But it all came spiraling down in a hail storm of negative attention, starting with Blackwater's aggressive protection tactics in the streets of Iraq. Prince said his contractors were just following the rules dictated to them by the State Department, which he said stipulated that his guys had to drive "washed and waxed Chevy Suburbans between point A and point B every day with lights and sirens on."
"When the enemy is coming at you, and all you can do is drive aggressively, to move your ... person in your care from point A to point B, those are the only tactics you have left," he said.
"We would prefer to run it the way we wanted to run it, which would be to run very low-profile missions and running in nonstandard-type vehicles," Prince continued. "When the company itself would do a mission for an NGO or another customer in Iraq, and we got to pick the method of how that mission was done, we'd use a beat-up old taxi, or an armored vehicle that was looking very dilapidated."
When asked why he didn't push back when Blackwater signed the contract with the State Department if his company had these concerns, Prince said, "We tried."
"We're at the end of that tail getting whipped," he said. "My greatest regret is going to work for the State Department. ... If I sound unapologetic, I guess I am."
A State Department official told ABC News today that its agreement with Blackwater "required the use of U.S. government-furnished vehicles," but that the use of sirens was "not a contractual requirement."
The beginning of the end for Blackwater in Iraq was in September 2007, when several of its contractors were accused of firing into a crowd of civilians in Baghdad's Nisour Square after a car bomb exploded a mile away. At least 11 people, including a 9-year-old boy, died.
"It's possible at Nisour Square there were civilians that were killed," Prince said.
A handful of Blackwater contractors were charged with manslaughter. One pleaded guilty. The others are contesting the charges.
In court papers, the government has alleged the guards "opened fire with automatic weapons and grenade launchers on unarmed civilians" and that many victims were shot "while inside of civilian vehicles ... attempting to flee."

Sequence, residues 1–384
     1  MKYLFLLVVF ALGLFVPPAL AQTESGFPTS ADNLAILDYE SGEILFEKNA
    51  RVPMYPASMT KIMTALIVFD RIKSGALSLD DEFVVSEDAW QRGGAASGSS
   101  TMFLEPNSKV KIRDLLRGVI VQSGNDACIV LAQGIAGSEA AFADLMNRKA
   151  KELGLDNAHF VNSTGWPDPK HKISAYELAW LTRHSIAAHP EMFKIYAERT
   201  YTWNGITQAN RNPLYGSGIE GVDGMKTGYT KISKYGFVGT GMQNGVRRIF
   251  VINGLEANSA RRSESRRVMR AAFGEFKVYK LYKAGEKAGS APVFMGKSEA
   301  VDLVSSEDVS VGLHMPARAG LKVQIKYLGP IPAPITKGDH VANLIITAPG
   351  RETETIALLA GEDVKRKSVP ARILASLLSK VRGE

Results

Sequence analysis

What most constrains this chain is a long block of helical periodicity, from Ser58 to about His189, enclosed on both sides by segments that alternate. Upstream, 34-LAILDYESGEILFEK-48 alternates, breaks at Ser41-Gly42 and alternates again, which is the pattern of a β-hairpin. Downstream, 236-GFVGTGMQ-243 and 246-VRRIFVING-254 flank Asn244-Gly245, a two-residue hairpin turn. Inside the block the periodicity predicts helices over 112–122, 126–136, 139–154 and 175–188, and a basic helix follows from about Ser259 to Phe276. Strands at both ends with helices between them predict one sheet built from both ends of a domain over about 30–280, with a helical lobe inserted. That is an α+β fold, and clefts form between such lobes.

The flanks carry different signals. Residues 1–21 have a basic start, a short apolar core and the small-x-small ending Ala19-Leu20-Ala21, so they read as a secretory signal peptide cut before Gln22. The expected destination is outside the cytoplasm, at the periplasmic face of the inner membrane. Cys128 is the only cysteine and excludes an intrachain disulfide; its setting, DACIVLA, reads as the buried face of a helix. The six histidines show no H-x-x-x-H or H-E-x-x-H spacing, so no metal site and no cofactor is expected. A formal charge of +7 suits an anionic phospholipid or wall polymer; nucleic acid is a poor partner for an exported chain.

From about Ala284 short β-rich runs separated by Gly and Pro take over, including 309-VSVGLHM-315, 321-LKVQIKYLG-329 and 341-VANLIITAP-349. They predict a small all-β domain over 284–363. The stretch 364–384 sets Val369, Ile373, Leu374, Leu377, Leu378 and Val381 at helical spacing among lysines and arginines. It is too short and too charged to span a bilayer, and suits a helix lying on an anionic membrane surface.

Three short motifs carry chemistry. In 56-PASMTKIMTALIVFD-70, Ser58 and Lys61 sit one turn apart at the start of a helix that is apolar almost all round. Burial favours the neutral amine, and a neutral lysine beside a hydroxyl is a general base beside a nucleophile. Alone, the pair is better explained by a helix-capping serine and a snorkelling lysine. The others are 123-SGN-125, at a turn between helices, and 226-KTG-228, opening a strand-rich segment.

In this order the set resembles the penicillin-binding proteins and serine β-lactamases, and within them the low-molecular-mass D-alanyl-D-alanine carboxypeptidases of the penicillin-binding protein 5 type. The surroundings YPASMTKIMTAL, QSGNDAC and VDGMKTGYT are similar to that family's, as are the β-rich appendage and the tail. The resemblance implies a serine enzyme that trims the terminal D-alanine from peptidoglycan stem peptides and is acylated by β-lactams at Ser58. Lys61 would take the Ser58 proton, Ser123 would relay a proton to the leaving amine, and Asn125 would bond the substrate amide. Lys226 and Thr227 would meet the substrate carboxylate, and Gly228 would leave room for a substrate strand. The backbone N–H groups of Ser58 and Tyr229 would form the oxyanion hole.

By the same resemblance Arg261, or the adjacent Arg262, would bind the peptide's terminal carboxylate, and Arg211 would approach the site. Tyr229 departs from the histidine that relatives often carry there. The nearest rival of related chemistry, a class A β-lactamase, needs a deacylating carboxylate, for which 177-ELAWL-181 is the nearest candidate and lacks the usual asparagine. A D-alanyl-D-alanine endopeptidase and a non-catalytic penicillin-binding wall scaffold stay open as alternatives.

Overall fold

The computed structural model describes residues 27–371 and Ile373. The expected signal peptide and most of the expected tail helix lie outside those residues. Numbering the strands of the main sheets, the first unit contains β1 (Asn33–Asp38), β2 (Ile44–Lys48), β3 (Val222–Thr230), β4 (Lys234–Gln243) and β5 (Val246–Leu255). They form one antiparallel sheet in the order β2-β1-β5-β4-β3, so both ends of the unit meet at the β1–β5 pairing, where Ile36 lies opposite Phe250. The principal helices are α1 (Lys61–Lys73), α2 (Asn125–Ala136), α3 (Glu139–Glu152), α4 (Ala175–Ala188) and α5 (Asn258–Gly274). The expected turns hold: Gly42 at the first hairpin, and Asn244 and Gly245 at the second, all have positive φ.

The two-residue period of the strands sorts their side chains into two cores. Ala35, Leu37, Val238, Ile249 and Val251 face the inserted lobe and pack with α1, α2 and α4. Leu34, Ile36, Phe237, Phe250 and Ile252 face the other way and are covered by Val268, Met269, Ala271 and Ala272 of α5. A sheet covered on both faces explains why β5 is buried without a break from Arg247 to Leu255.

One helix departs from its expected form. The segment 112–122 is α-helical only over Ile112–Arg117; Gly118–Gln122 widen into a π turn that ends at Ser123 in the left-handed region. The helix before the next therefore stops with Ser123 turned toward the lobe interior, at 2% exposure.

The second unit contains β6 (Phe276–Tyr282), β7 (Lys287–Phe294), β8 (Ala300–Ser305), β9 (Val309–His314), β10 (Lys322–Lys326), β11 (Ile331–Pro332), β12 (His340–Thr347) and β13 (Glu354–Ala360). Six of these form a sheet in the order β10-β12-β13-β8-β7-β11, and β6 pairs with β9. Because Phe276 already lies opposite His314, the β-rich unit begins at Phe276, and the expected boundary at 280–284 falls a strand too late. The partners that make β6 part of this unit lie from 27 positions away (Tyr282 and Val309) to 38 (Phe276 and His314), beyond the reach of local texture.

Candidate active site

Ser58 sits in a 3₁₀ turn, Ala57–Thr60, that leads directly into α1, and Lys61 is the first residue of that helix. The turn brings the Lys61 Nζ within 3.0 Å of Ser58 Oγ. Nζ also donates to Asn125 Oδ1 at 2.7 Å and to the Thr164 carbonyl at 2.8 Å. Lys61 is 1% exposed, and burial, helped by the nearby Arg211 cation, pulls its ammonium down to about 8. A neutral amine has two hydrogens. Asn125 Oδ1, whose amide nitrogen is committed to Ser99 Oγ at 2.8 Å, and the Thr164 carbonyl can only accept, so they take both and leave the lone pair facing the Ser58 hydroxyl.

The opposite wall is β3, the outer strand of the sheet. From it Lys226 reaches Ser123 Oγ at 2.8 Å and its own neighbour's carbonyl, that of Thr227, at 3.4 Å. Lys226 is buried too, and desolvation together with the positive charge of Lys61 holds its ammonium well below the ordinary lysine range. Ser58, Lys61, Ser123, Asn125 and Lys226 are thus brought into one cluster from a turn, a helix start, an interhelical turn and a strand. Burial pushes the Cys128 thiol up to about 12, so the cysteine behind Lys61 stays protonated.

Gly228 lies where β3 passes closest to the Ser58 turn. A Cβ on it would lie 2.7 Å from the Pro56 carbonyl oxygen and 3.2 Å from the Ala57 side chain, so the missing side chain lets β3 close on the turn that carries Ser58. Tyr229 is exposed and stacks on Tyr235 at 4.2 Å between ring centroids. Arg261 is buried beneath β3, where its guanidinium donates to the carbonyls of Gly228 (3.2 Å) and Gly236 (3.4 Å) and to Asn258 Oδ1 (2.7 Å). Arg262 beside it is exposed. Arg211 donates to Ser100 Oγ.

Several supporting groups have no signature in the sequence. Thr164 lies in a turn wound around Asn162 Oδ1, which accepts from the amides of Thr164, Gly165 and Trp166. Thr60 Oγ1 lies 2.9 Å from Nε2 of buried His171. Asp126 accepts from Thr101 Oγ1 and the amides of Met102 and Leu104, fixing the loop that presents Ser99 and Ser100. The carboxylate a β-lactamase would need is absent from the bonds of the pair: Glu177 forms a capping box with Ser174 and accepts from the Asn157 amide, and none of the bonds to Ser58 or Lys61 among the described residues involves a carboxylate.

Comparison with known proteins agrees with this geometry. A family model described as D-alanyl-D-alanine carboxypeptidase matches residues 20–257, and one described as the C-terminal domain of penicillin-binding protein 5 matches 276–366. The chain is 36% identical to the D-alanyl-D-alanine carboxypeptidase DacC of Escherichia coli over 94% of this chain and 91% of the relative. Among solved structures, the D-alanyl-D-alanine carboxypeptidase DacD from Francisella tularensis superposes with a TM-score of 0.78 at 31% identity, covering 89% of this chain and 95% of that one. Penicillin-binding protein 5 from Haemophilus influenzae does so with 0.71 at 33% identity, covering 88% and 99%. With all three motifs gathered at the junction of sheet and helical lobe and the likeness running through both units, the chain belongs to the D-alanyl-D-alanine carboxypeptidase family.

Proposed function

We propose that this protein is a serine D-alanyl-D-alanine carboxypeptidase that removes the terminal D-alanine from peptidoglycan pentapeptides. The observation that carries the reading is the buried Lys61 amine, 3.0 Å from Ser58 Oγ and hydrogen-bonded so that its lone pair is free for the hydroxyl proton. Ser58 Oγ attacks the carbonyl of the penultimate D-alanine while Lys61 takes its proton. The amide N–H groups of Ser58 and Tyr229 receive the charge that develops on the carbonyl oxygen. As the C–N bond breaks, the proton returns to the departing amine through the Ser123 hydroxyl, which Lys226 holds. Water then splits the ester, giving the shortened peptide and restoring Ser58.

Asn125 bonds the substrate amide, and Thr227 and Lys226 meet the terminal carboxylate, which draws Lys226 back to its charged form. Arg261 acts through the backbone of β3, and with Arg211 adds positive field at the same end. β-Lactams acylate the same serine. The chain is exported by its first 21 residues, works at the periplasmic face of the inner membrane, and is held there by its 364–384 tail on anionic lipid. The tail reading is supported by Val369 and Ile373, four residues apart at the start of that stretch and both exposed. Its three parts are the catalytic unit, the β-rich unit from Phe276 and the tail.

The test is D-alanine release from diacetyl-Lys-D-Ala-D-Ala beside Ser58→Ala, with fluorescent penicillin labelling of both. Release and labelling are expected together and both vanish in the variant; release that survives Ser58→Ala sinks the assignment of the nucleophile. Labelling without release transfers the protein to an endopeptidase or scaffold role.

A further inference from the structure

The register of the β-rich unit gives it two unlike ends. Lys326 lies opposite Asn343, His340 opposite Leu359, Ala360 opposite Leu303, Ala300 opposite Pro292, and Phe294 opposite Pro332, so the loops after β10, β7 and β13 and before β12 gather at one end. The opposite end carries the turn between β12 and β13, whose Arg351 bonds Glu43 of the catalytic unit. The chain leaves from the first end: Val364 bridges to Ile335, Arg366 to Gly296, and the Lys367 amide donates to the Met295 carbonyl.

But Prince said he feels the accusations are part of a "highly political prosecution."
"If the amount of scrutiny paid to that event was paid to every other shooting of any U.S. forces or any other contractor forces it would tie up the Justice Department for the next decade," he said.
It was this incident that eventually led to Blackwater's expulsion from Iraq in 2009. But Prince now says that long before the company's reputation began to unravel, and for years after that, Blackwater took on an even larger but less conspicuous role in the global war on terror with the CIA, although he is guarded about discussing details.
"I'd say that 55 pages of my original book was schwacked by the agency," he said.
Blackwater teams were said to be deeply involved in covert activities in Pakistan and Afghanistan until 2009, including the highly controversial use of unmanned aircraft to go after suspected terrorists.
When asked if Blackwater was involved in a drone program, Prince said, "I won't dispute that."
Prince claims that after the CIA cut ties with Blackwater, the CIA director at the time, Leon Panetta, "outed" Prince and Blackwater's secret role to a congressional committee during a closed-door hearing, and it soon leaked to the press.
"When you sign up ... as an asset to serve your country when you are asked to help and then to be outed by name to a very leaky Congress, that's unprecedented," he said.
A representative for Panetta told ABC News that the former CIA director was required to brief Congress on covert programs, and that he had no control over what happened to the information after that.
The CIA declined to comment on its association with Prince.
Prince said he is done doing business with the U.S. government. He is now living part-time in Abu Dhabi and focusing on mining and energy investments in Africa.
"Act 2 should be interesting," he said. "I'm working on it. You have not heard the last of me, I will say that."